On several occasions I've been chastised for my "evangelical" style of horticultural lecturing. Want to guess who inspired it? But Jerry's lasting legacy to me isn't his teaching, but his doing. The man doesn't know the meaning of "can't" and won't accept any answer but proven fact. Kind of odd, one would think, for a man widely known for fantastic "truth distortions"! Jerry too doesn't care what anybody thinks or says. If he knows or can figure a way to "git'er done," he will. He's sort of a cross between George Washington Carver, Luther Burbank, and a Sunday morning televangelist. No man has contributed more to Texas horticulture in my lifetime than Dr. Parsons. We now work as a team. I come up with silly ideas and crazy dreams and he comes up with silly plans and crazy solutions. I would have never developed or introduced the first plant to the Texas nursery industry if it weren't for his help and ability to "finish". If you've followed my career path, you've probably noticed I'm a "starter"! If Dr. William (Bill) Welch is my inspiration, the Dr. Parsons is my mentor. Without them, my career wouldn't have existed. Thanks for everything guys.



To see examples of video of Parsons television media work, go to:

a listing of the subject matter is at:

Write-ups about Parsons are at:



Parsons has been mainly concentrating on a web presence in the past few
years, creating


which answered questions for over 300,000 people (User Sessions) in the
month of April, 2004, alone.

A listing of mass media Parsons has done include:

He began the association with Margo Spitz (CBS newsperson) on February
11, 1977, and did the famously popular 'Margo's Garden' for the spring
and fall gardening seasons.

The first Margo's TV Garden Special was on Monday, May 29, 1978 6:30
p.m. on CBS

Margo, Parsons and Dr. Jerral Johnson did a Fall Garden Special --
Wednesday, August 2, 1978 7-8 p.m. on CBS.

Parsons and Steve George did their first television special on KLRN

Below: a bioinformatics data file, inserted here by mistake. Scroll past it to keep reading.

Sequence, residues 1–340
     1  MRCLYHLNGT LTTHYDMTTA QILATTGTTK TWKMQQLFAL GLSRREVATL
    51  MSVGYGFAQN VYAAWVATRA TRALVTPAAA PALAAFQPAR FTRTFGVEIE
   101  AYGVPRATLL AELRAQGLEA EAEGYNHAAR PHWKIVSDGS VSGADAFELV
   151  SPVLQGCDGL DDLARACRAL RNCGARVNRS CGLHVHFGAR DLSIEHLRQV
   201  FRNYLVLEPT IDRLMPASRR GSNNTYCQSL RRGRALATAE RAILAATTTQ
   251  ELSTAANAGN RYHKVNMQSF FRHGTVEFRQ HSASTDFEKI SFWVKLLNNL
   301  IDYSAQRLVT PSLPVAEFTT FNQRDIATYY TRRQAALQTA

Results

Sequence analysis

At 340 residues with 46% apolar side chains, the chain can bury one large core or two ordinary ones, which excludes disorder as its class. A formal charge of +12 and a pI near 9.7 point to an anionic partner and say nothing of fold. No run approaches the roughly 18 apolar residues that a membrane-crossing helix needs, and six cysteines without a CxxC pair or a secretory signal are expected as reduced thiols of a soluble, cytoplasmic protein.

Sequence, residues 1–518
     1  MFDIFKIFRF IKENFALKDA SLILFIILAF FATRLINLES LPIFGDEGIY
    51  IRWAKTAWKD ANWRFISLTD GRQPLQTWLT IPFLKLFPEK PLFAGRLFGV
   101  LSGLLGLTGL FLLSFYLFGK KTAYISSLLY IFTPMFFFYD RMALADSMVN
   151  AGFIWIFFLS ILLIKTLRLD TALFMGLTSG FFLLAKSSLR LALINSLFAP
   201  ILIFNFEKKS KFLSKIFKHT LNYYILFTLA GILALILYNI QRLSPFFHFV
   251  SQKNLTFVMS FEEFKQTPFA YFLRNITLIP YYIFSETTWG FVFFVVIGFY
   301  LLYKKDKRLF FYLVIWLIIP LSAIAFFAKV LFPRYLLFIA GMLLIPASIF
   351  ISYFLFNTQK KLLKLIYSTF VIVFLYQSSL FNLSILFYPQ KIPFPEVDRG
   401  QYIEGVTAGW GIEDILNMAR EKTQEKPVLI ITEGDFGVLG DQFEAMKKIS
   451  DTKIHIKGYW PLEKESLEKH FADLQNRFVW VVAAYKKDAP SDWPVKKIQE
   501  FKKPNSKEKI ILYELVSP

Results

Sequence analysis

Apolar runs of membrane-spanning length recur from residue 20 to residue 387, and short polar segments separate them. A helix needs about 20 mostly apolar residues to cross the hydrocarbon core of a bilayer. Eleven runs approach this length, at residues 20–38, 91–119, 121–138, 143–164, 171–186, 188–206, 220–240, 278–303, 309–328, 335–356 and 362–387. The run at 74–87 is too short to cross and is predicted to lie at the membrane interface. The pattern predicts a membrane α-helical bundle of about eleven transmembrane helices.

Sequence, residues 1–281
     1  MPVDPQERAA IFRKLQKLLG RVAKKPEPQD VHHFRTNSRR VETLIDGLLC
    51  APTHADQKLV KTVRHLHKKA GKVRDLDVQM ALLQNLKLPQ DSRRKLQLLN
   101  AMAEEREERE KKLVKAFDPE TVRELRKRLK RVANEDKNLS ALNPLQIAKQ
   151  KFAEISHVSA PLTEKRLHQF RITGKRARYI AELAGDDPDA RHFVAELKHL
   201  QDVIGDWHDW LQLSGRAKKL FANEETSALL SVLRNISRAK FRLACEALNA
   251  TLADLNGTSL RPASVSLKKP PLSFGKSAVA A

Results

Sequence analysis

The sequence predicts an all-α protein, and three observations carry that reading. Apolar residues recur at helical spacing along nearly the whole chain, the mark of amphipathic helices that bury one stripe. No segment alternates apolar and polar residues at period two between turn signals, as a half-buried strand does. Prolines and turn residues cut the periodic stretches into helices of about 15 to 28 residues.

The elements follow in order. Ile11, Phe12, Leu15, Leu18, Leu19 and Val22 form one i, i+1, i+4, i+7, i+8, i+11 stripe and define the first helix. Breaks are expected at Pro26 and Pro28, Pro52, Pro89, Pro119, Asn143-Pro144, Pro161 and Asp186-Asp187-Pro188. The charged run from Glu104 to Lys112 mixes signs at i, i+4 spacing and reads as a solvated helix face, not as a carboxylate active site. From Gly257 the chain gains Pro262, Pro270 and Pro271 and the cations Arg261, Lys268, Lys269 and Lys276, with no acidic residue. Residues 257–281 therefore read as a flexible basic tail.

Public TV Special on Friday, October 12, 1979 from 8-9 p.m.

Parsons, Sam Cotner, Everette Janne did a Fall Gardening Special on
Thursday, July 26, 1979 at 7-8 p.m.

Parsons and Cotner did a gardening special for Corpus Christi on
February, 1980, with Doug Andrews - CEA

Parsons, Cotner, and Darwin Anderson (CEA) did a Spring Gardening
Corpus Christi Special on Friday, February 8, 1982

Parsons, Cotner, Darwin Anderson (CEA) did a Fall Gardening Special
for Corpus Christi in '82

Parsons and Bruce Kates did a Spring Gardening Special which was
televised on Saturday, February 18, 1984 from 4:30-5 p.m on CBS

A Parsons' Tree Special was televised on Saturday, February 6, 1988,
6:30 p.m. on CBS

A Parsons' Rose Special was televised on Saturday, February 13, 1988,
at 6:30 p.m. on CBS

A Parsons' Vegetable Gardening Special was televised on Saturday,
February 20, 1988 at 6:30 p.m. on CBS

A Parsons' Lawn Care Special was televised on Saturday, March 26,
1988, at 6:30 p.m. on CBS

A Parsons' 30 Talk Show Special was televised on KRRT on Saturday,
April 2, 1988, at 6:00 a.m.

A Fall Planting For Spring Bloom Special with Parsons, Greg Grant and
Steve George was televised on Monday, August 21, 1989, at 9:30 p.m.
on CBS (San Antonio)

This same Special was televised again on Saturday, Sept. 16, 1989, at
6:30 p.m. in Wichita Falls, Texas on KFDX-TV.

It was televised again on Sunday, October 1, 1989, at 7:30 a.m. in
Beaumont, Texas on Channel 6.

The Parsons' Bluebonnet Production Special was televised in Wichita
Falls on KFDX.

It was televised again on Sunday, October 8, 1989, at 7:30 a.m. in
Beaumont on Channel 6. It was also televised in Denton and San
Antonio. This Bluebonnet Special can be view online at:

Parsons' Gardening Assistance In The Spring was televised on Saturday,
March, 1990, in San Antonio on ABC on KSAT-TV (Channel 12)

Parsons' EARTH-KIND Gardening was televised on Saturday, February 2,